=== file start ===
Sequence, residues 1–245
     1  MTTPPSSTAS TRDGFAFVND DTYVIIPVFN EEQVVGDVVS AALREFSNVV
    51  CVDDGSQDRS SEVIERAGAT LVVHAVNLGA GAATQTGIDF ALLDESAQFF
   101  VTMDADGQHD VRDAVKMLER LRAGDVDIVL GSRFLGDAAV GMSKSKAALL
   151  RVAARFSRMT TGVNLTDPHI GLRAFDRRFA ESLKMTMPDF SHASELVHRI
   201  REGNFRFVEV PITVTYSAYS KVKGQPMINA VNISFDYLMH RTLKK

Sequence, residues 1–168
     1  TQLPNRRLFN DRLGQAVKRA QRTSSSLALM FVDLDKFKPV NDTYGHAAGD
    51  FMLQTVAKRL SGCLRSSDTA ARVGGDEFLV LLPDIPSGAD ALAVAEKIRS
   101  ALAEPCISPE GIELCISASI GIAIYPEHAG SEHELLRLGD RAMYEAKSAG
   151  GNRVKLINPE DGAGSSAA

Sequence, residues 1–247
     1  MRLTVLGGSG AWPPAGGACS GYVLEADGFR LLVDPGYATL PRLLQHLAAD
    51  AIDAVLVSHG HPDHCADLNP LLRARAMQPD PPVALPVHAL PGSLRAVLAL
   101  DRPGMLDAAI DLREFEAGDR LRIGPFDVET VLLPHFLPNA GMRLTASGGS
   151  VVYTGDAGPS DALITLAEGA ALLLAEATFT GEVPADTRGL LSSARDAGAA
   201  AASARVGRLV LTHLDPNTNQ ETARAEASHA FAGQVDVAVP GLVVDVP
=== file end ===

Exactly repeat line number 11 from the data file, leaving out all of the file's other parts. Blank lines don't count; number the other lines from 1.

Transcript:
   151  GNRVKLINPE DGAGSSAA